Saks High School junior Julianne Ward never expected to be put into a hearse at such a young age, even if it was for a dramatization.
“I never want to do that again,” she said. “It felt really sad.”
Ward was one of four students included in a demonstration warning against distracted and drunk driving. Calhoun County sheriff’s deputies, Anniston firefighters, Anniston EMS, the Calhoun County Coroner’s Office and a Lifesaver medical helicopter team participated in the demonstration ahead of the school’s prom on Saturday.
Covered in a red, viscous syrup meant to represent blood, Ward portrayed a student who suffered traumatic injuries in a head-on collision. Her character died before a Calhoun County deputy arrived at the scene.
“As an alive person playing someone dead, I was proud to take on the role knowing some of my classmates might take more of their actions into consideration,” she said.
Students from the Students Against Destructive Decisions club, known as SADD, coordinated with the agencies to put the program together. Dewayne Davis, a chemistry teacher and sponsor of the SADD program, said the impact upon students can be large.
“I’m usually in the press box working behind the scenes, but I’ve been told by teachers that students get upset and cry during this demonstration,” Davis said.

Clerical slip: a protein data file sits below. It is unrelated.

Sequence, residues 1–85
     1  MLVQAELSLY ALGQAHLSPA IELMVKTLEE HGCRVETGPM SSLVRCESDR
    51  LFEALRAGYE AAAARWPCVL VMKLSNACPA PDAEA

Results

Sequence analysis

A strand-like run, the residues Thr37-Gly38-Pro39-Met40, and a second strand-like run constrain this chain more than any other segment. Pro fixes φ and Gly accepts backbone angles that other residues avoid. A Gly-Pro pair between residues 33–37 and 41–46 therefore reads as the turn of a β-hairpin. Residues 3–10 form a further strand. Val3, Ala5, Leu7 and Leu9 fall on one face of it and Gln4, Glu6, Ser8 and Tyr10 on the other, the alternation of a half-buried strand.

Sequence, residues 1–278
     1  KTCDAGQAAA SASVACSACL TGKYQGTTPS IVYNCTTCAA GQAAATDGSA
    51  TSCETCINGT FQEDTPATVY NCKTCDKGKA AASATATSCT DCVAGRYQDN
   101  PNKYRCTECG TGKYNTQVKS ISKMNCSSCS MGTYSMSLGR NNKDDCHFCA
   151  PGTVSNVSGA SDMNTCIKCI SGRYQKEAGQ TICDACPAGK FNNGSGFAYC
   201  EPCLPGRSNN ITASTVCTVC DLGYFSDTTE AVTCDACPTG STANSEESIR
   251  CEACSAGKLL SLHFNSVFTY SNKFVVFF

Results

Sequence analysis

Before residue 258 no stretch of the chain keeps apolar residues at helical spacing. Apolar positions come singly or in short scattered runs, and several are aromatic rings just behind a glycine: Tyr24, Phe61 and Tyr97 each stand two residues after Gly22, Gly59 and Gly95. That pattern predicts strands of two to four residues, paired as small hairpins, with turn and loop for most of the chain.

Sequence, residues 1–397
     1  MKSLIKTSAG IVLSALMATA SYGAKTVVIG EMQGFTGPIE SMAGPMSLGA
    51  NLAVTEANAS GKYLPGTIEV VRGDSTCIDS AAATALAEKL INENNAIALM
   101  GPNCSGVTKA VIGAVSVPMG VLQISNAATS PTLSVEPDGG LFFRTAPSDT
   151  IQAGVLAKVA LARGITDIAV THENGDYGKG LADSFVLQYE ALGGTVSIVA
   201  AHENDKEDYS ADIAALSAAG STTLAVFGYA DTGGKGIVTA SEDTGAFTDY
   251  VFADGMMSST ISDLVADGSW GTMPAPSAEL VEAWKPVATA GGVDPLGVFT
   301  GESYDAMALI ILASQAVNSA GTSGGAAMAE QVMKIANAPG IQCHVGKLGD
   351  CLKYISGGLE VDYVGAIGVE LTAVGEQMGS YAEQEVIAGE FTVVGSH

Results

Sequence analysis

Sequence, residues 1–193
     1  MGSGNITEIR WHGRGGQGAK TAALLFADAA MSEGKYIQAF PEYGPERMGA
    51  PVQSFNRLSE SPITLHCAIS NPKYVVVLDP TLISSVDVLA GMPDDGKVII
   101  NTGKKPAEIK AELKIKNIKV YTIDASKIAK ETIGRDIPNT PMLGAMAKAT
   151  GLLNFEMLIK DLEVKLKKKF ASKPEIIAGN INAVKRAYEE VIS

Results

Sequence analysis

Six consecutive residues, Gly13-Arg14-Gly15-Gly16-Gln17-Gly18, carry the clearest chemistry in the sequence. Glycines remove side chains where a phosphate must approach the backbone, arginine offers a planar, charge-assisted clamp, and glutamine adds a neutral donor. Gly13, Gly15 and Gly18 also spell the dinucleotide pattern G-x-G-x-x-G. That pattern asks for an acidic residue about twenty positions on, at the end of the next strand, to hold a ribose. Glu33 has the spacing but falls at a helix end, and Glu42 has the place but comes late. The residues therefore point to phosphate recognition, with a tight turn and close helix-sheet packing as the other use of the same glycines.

Having students involved in the program makes the experience all the more sobering for students, Davis said.
“I think it hits home when you know that person,” he said. “One of my students was in the press box and at one point she got upset seeing her best friend being put on a backboard. She knew it wasn’t real, but it still made an impact on her.”
Typically the demonstration warns students to avoid driving while under the influence, but it’s becomes increasingly more apparent distracted driving is on the rise, Anniston fire training officer Johnnie Phelps said. Phelps helped coordinate the event on Friday with the first responder agencies.
“Almost every wreck we work has an element of distraction or impairment,” Phelps said. “We don’t even call them accidents anymore. We call them crashes.”
Phelps said wrecks involving high school students tend to increase during the spring and these types of demonstrations provide a “glimpse of reality.”
“They’ve got prom, spring break and graduation they’re excited about, and they might do things out of that excitement they wouldn’t normally do,” Phelps said. “The consequences of texting and driving needs to be presented in a more emotional way. I think bringing in the helicopter and watching a classmate go away in it delivers that emotional impact.”